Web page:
According to surveys completed by the U.S. National Survey on Drug Use and Health between 2008 and 2010, underage drinking is continues to be a problem in need of a solution. In the survey, participants among the ages of 12 to 20 years of age were asked about their underage alcohol purchases and consumption. Out of all the kids and young adults surveyed, a little over a quarter used and 9 percent purchased alcohol.
The U.S. Substance Abuse and Mental Health Services Administration (SAMHSA) recently published a report stating that even though underage drinking has gone down slightly among young adults under the age of eighteen since 2010, the numbers now are still distastefully high. Underage drinking is dangerous because some kids, if not most, do not know how to handle themselves, ultimately leading to dumb decisions. Poor academic performance, unwise sex practices, DUI, and injury are just a few of the consequences of drinking to excess at a young age.
SAMHSA Administrator Pamela Hyde said in an agency news release, “Underage drinking should not be a normal part of growing up. It’s a serious and persistent public health problem that puts our young people and our communities in danger.”
Also reported in the study were rates of underage drinking and illegal purchases of alcohol within the U.S., showing a decidedly east coast bias. The highest rates in the Northeastern states were Connecticut, New Hampshire, Massachusetts, Rhode Island, New York, and Vermont at the top with 37 percent. New York, as well as having one of the highest rates of underage drinking, also had one of the highest rates of illegal underage purchasing of alcohol, at about 15 percent. At the other end of the spectrum, states with the lowest rates of underage youth buying alcohol include New Mexico (2.5 percent), Oregon (2.6 percent), and Idaho (2.6 percent).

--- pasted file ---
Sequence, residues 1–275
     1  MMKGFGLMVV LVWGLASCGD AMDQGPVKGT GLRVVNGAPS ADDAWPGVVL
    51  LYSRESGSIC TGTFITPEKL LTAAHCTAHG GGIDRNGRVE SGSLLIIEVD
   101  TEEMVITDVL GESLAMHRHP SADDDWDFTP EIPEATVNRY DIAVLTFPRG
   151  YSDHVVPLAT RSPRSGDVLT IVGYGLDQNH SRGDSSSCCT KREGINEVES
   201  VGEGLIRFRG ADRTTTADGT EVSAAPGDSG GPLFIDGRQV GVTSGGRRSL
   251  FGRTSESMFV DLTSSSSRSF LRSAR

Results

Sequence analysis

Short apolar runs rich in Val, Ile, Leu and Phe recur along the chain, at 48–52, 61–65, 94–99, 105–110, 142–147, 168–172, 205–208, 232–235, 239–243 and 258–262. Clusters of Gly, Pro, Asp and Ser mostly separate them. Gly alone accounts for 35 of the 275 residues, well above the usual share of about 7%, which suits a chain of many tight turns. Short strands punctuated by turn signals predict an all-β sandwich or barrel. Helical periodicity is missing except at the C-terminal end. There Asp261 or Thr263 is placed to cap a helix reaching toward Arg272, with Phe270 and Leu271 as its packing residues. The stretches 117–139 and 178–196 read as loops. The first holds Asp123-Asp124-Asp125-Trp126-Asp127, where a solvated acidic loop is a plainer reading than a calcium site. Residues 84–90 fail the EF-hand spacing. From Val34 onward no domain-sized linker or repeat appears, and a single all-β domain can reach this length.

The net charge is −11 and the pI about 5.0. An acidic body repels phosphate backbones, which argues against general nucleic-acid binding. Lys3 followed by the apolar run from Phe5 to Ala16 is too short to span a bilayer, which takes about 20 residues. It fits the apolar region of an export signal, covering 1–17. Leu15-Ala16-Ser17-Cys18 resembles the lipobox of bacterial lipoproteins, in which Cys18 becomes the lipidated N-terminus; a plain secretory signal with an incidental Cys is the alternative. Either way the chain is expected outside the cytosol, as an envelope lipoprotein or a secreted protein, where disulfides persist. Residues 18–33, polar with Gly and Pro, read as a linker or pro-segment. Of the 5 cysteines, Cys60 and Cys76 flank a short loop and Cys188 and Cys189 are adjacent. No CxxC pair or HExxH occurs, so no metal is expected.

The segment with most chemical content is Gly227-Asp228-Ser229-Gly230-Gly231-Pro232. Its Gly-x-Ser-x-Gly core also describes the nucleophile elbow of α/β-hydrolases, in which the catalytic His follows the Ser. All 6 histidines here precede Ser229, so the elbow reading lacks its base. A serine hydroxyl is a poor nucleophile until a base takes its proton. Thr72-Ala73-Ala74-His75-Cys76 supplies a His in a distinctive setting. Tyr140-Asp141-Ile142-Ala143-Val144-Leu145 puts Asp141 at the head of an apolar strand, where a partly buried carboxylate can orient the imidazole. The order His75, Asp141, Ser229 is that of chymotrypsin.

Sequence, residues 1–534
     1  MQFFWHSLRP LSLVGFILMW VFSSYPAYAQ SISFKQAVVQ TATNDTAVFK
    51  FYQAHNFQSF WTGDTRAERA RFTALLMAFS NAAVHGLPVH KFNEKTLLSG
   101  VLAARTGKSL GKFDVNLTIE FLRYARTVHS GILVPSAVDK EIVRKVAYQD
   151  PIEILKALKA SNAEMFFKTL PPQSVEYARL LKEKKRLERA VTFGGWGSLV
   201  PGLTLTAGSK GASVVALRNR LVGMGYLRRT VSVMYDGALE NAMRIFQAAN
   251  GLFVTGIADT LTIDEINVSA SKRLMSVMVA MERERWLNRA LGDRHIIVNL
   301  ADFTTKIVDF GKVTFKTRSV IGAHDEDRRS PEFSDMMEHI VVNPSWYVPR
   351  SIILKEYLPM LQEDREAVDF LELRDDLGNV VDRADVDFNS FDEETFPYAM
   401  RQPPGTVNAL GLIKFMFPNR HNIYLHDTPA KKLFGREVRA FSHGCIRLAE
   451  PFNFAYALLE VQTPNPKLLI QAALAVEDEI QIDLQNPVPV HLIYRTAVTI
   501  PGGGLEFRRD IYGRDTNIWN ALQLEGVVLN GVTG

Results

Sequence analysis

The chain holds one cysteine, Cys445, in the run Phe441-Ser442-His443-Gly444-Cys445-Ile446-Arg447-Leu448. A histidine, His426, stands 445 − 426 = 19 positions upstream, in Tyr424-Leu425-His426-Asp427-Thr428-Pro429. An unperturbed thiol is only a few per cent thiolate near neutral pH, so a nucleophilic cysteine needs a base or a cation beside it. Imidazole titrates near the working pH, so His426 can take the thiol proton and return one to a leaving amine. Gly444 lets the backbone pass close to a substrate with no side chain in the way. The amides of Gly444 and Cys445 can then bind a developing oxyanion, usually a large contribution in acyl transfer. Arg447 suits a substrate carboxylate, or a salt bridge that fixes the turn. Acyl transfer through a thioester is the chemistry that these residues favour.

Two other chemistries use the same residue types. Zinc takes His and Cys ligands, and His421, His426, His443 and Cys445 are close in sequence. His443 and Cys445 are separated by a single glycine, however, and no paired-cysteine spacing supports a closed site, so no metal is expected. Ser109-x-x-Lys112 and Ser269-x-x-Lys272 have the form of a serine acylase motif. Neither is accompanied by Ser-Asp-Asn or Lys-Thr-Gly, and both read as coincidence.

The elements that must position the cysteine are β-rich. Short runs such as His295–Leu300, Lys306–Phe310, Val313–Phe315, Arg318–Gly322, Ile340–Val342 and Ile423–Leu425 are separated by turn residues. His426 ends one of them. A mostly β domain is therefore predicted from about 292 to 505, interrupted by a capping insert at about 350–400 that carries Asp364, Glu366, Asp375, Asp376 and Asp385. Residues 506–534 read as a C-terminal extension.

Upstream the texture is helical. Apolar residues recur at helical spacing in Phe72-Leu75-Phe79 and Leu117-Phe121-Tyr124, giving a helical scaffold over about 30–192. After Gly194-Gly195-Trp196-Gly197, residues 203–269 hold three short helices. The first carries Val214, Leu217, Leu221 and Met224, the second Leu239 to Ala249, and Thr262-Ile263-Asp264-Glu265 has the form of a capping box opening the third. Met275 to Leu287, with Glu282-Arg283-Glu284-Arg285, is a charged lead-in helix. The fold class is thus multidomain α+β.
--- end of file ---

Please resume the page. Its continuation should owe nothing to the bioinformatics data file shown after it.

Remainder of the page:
Researchers also found that a number of Southern states had some of the lowest rates of underage drinking in the U.S. Those states include Arkansas, Alabama, Georgia, South Carolina, North Carolina, West Virginia and Tennessee. A few of them had among the highest rates of illegal underage purchasing of alcohol, those being Alabama, Kentucky, Louisiana, North Carolina, and Mississippi.
Underage drinking and illegal purchasing of alcohol is a huge problem among young adults in the U.S. and will continue to rise if action isn’t taken to diminish it.
- Preidt, Robert. “1 in 4 in U.S. Starts Drinking Before Turning 21: Report.” MSN:Healthy Living. Microsoft. 26 Nov. 2012. 27 Nov. 2012.